image from upload.wikimedia.orgR: 150th anniversary commemorative plaque, outside the Museum

The Athenaeum account is freely available here. The fuller account, in the Oxford Chronicle, has recently been published (abstract open, full text behind paywall) by Richard England in Notes and Records, the Royal Society journal of the history of science. There are good accounts in Wikipedia and elsewhere of the historical setting. For completeness, and because of the pay wall, I include the Oxford Chronicle account of the discussion as an Appendix.

The meeting attracted enormous interest, despite the rather uninviting title of the leading lecture, by Professor Draper of New York; "On the Intellectual Development of Europe, considered with reference to the views of Mr. Darwin and others, that the progression of organisms is determined by law." Draper drew far-fetched analogies between the development of societies, of individual organisms, and of species, which need not detain us, and concluded that his own work on physiology supported, among other things, the transmutation of species, which was (and is) the central issue separating creationists from those who accept evolution.1

Then things got a lot more interesting. I shall describe what happened by quoting (with some slight compression) the relevant sections of the Oxford Chronicle account, and inserting commentary.

Read more »

It’s About Time

by Carol A Westbrook

Apples… colorful foliage…Halloween….pumpkin spice latte…There are a lot of things we love about fall, Fall scenebut setting our clocks back is not one of them. Every year in early November, 300 million of us, in every state except Hawaii and Arizona, "fall back" an hour from daylight saving time (DST) to standard time. I have yet to meet one of those millions who like it. It's about time we stopped this awful tradition and stayed on DST forever.

Doing away with seasonal time changes is not likely to happen because it would take an act of Congress–literally. More to the point, everyone thinks its an important sacrifice that we have to make for our country, though most can't say why. Popular belief has it that daylight saving time is necessary to help farmers. That is far from the truth. Farmers were strongly opposed to daylight saving time when it was instituted in 1918, because it led to increased labor costs. That is because farming is done by the sun, although shipping schedules and farm hands followed the clock, so more overtime pay was required. Led by the farming lobby, DST was repealed in 1919 and not reinstituted until 1943, and it has remained on the books every since, though with some minor tweaking.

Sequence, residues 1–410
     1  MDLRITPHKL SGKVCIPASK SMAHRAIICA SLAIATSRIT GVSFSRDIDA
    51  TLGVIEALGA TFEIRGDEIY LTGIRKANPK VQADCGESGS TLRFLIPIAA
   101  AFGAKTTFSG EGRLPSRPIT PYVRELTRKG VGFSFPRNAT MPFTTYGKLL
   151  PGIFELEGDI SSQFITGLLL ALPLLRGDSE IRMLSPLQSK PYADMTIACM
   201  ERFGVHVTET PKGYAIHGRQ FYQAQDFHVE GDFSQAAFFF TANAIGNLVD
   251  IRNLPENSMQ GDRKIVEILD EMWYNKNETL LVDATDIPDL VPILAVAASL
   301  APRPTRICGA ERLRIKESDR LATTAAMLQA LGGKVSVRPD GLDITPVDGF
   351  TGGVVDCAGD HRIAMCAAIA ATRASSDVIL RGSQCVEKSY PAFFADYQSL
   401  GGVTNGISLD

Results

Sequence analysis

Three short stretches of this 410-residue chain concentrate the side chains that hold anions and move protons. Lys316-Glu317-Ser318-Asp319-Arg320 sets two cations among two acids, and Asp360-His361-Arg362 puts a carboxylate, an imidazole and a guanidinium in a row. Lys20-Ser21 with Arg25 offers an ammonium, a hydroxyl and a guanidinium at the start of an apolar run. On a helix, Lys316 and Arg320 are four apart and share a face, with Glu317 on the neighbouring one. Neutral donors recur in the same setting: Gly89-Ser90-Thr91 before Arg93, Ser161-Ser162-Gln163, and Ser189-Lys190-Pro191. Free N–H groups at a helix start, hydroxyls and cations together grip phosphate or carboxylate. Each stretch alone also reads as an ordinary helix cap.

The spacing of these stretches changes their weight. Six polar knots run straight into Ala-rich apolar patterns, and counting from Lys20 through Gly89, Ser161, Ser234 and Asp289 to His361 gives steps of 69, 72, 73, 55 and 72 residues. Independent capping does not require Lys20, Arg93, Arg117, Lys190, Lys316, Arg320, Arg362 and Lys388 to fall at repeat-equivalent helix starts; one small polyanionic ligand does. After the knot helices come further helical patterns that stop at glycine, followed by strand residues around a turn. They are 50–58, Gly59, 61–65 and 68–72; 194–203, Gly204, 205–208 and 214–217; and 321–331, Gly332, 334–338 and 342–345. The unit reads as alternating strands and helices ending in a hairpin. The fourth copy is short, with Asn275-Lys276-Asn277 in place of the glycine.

DST at warDST was enacted into law in the US in 1918 because we were at war, and our enemies the Germans were doing it. The Germans introduced DST in 1916 to conserve energy and coal resources during wartime; the rationale was that adding an extra hour of daylight at the end of the work day meant less artifical light would be needed at home before bedtime. Britain and its allies, as well as many neutral European countries, followed suit, as did the US. Today, about 40% of all countries in the world have adopted seasonal clock changes, mostly those in temperate or cooler climates (green, on the map below). Some formerly used DST but stopped, or are on permanent DST (blue), while other countries have never adopted DST, primarily equatorial states (white).

Daylight saving time's primary effect on energy savings is on residential lighting, which consumes 3.5% of electricity in the US. Yet times have changed a great deal, and so have energy usage patterns.

Read more »

Destruction and Creation

by Max Sirak

Erasmusbrug_mai_2005I don’t spend much time on Twitter. I check it twice a day, maybe, for a combined total of 7 minutes. But recently, when swiping up to scroll down, I saw the tweets between Elon Musk and Governor Ricardo Rossello of Puerto Rico and smiled.

“Yes,” I thought. “This makes so much sense.”

When I was 20 I spent a summer backpacking in Europe. A couple friends joined me, or I them; they did most of the planning. It was the early 2000s. Cell phones weren’t ubiquitous. Pre-paid calling cards kept us in touch. The digital revolution was nascent. Our Eurail passes, like our currency, were paper.

It was an eight week trip. We visited 13 different countries. And it was while winding on the rails all about Europe, from station to station, where I fell in love with reading and writing. Up until then, both bored me. (Not that this is what my essay’s about, but it seemed a relevant aside, you know, considering…)

Anyway, about 2/3 of the way through our trip we disembarked in Rotterdam. A friend from college, Whit, was studying there for a semester and, since we happened to be in that part of the world, we decided to drop in for a visit. I’m glad we did.

Not only was it nice to see a friendly, familiar face but city itself blew my mind. Sure, I was high (I mean, we were college kids from the US in the Netherlands…), but still. It wasn’t just the drugs that had me wide-eyed.

It was the architecture. I’d never seen anything like it.

Read more »

Where does our number sense come from? Is it a neural capacity we are born with — or is it a product of our culture?

Philip Ball in Aeon:

GraphWhy can we count to 152? OK, most of us don’t need to stop there, but that’s my point. Counting to 152, and far beyond, comes to us so naturally that it’s hard not to regard our ability to navigate indefinitely up the number line as something innate, hard-wired into us.